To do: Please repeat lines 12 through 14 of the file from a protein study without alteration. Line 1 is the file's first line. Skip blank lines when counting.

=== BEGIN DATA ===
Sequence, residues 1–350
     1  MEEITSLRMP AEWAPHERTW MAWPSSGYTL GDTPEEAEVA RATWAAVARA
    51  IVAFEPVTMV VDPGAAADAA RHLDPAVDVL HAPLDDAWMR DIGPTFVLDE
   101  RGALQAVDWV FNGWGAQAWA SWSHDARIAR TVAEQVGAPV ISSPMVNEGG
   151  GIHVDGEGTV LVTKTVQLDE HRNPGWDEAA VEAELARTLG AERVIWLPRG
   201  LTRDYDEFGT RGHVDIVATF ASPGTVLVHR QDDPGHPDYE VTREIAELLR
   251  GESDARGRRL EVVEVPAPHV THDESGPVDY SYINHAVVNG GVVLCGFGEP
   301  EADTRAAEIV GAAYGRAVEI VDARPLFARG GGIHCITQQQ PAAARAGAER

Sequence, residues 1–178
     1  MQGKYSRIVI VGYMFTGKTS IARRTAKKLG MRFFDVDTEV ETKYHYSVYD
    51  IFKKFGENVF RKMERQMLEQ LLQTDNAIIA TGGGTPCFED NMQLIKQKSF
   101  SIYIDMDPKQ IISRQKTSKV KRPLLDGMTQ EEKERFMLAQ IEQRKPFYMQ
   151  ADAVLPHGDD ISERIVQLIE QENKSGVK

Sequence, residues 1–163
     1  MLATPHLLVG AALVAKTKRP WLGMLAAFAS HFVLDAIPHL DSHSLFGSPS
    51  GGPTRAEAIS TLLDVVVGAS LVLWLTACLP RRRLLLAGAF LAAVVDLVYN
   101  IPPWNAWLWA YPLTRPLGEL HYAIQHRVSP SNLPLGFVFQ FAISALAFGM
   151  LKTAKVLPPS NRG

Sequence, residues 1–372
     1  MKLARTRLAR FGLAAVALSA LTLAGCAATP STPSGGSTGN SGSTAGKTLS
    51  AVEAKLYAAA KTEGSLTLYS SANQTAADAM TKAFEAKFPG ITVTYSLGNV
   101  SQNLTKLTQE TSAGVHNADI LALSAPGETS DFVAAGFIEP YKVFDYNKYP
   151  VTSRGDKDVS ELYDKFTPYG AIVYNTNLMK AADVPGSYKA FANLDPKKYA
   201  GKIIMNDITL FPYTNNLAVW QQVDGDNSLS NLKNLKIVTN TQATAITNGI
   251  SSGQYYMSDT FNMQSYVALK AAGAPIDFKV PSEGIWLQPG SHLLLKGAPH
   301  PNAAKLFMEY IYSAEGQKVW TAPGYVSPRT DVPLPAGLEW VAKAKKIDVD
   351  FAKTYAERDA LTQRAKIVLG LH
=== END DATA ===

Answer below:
   101  SIYIDMDPKQ IISRQKTSKV KRPLLDGMTQ EEKERFMLAQ IEQRKPFYMQ
   151  ADAVLPHGDD ISERIVQLIE QENKSGVK

Sequence, residues 1–163